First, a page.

Oral Well-Being: the New Health and Wellness

Written by: Bonnie Feldman, DDS, MBA, Becca Malizia, MS, Hailey Motooka, BS, Ellen M. Martin

What if I told you you could decrease your chances of developing Alzheimer’s, Cardiovascular diseases, and various autoimmune diseases by investing in your oral well-being? Would you be interested?

Moving from oral health to oral well-being

Everyone knows what oral health is. It is a term used primarily in dental offices to encourage patients to brush and floss twice a day. The term you may not yet be familiar with is Oral well-being, a focus on improving oral health in order to improve your overall quality of life. 

But how does this work?

Recent research has found numerous connections between the oral microbiome and overall health and disease. At least 50% of American adults suffer from gum disease. People with gum disease are 2x more likely to die from a heart attack and 3x more likely to die from a stroke. In addition, new studies show links between oral diseases and Alzheimer’s, as well as autoimmune diseases such as Lupus, Rheumatoid Arthritis and others

Image showing connection of systemic and oral diseases

Expanding our approach to oral health by taking into account the millions of bacteria that inhabit our mouths could be the key to minimizing chronic disease risk. It is time to view oral well-being as a way to achieve better overall health.

So how can we improve oral well-being?

Similarly to the way mental well-being requires analysis and understanding of our own emotions and social interactions, oral well-being requires understanding microbes and the microscopic interactions that occur within our mouths. 

That’s right, the oral cavity is home to more than 700 different species of bacteria, swimming in your saliva, clinging to your teeth, and chilling out on your tongue. Fungi and viruses also populate these oral ecosystems, but the research discovering, characterizing, and identifying these other microbial inhabitants is less advanced than the work on bacteria.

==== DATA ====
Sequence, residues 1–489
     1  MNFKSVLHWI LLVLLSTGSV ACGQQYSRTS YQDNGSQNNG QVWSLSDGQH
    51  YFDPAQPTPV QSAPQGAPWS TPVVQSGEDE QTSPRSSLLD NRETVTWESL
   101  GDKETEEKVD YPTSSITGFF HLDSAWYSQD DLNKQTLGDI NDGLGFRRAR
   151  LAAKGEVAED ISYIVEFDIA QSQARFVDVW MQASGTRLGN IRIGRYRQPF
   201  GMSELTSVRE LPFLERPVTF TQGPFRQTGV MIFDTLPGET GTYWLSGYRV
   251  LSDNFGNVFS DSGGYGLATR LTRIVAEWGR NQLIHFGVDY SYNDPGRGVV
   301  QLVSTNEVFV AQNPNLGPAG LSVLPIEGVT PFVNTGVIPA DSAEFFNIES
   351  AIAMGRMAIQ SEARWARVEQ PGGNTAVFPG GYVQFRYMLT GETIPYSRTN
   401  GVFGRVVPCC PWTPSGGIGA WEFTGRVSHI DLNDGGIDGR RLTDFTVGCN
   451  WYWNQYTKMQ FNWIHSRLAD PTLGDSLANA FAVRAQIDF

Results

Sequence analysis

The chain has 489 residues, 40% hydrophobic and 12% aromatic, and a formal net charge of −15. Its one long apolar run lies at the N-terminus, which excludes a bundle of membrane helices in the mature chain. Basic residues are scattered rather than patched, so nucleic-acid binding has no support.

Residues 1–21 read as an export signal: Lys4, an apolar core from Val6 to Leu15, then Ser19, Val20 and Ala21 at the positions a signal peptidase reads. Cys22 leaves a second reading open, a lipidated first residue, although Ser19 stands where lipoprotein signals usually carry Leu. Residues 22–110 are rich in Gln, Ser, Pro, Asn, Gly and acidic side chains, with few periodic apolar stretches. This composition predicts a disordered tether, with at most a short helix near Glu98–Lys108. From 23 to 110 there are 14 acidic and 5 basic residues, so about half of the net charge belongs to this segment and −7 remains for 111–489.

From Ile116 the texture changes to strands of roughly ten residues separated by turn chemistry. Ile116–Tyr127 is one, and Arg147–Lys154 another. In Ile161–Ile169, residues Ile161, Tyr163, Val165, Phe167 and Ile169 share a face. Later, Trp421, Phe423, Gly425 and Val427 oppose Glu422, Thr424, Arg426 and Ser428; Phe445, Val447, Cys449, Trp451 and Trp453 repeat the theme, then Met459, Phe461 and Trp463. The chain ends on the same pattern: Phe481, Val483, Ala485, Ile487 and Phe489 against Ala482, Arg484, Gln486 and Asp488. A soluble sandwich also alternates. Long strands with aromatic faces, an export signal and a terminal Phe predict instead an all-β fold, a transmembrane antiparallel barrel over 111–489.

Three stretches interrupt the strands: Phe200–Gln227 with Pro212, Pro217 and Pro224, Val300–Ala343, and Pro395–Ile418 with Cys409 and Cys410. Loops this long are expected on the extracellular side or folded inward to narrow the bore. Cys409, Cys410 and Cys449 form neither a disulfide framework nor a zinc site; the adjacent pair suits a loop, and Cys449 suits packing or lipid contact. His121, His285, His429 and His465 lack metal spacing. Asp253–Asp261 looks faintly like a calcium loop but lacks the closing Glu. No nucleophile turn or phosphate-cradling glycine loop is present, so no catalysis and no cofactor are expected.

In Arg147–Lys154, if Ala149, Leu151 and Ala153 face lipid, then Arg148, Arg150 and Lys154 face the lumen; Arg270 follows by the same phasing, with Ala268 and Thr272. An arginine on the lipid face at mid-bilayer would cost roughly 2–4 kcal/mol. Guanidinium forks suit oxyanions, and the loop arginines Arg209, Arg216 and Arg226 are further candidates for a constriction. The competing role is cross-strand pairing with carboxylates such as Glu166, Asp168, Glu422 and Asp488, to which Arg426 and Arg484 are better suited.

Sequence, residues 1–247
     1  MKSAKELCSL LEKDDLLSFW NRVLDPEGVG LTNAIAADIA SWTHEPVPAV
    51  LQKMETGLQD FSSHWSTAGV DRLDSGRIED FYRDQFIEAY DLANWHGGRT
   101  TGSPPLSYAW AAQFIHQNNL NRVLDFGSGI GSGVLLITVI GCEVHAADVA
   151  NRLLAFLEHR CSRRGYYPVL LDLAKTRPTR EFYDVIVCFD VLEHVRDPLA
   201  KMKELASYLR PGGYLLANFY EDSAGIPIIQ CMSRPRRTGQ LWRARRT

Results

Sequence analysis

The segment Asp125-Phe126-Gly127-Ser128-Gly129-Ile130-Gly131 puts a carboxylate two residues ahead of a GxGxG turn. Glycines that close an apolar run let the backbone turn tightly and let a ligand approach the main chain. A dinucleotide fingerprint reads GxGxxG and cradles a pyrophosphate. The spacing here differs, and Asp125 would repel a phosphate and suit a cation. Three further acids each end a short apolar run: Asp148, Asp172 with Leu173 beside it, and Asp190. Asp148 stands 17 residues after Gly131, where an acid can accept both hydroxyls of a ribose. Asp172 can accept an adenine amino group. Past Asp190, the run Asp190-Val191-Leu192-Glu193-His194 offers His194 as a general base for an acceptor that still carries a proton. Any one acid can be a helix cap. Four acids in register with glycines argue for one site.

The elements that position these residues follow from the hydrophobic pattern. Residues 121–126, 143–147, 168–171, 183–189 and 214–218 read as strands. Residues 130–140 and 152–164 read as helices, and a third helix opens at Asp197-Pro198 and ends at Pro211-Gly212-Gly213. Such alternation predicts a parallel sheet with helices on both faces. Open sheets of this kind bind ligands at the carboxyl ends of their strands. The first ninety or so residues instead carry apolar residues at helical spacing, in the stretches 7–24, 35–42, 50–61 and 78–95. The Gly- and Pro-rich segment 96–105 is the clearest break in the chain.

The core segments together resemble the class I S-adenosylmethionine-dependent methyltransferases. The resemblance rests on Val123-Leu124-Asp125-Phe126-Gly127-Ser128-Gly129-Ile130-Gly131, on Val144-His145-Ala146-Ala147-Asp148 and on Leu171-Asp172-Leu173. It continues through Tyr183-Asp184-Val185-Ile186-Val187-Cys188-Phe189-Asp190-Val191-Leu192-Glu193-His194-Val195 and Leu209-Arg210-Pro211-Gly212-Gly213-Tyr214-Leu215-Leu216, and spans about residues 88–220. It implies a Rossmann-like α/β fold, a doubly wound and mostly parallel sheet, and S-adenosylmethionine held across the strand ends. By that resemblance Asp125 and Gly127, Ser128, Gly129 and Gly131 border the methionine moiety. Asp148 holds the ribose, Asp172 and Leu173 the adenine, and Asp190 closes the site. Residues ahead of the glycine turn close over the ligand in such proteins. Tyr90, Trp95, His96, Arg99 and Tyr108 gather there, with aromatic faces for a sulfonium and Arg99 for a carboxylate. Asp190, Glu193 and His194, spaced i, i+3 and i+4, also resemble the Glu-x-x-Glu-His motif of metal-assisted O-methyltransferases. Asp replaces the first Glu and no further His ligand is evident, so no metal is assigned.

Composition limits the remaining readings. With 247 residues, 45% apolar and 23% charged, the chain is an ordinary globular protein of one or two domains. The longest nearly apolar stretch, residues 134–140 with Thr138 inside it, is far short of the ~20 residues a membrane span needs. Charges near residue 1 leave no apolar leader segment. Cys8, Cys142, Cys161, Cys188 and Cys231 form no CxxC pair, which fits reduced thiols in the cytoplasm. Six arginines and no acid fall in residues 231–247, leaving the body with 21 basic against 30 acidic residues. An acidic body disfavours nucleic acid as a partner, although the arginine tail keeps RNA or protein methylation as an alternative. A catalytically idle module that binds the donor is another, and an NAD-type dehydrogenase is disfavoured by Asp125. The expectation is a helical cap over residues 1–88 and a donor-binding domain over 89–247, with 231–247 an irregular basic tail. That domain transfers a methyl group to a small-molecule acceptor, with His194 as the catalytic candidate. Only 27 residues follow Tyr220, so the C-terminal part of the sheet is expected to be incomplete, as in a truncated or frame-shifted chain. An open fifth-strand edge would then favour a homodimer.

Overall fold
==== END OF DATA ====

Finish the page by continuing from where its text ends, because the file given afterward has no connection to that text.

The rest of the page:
Imaging showing different bacteria's relationship with oral health

This conglomeration of microbiota is composed of bacteria (and other microbes) that can be categorized as: symbiotic (health-promoting), pathogenic (disease-inducing), or commensal (just along for the ride). A balanced equilibrium between symbiotic and pathogenic microbes in the oral cavity is indicative of good oral health. In contrast, imbalances favoring disease-causing bacteria may lead to oral problems such as tooth decay and gum disease.

The future of oral well-being

This concept of microbial balance and imbalance influencing oral health and disease is so new that it has opened the door for numerous startups looking to innovate within the oral care space on the consumer end. On the research end, advances in ‘omics studies (metabolomics, transcriptomics, genomics etc.) have now provided researchers and scientists with the technologies to better characterize microbiome profiles.

Venn diagram that connects consumer and science based discoveries in oral care

Now, companies such as Cosmos ID, only require users to send in a single cheek swab sample to identify the hundreds of bacterial, fungal, viral, and archaeal strains that inhabit their mouths, as well as their relative abundance and frequency. While the reference data to compare unhealthy oral microbiomes to healthy microbiomes is limited, the granularity of the oral microbiome profiling and comparison has the potential to be harnessed for future salivary diagnostics and biomarker testing for systemic diseases.

My hope is for a future where you visit your dentist to get preventative check ups for diseases outside the mouth! – DrBonnie360

But for now, as you wait for salivary diagnostics to replace blood tests and for dentists to diagnose systemic diseases, you can begin your journey to better oral well-being by being informed. Below are some resources you may find helpful:

Would you be interested in an oral well-being score or index so you can see how you rank? 

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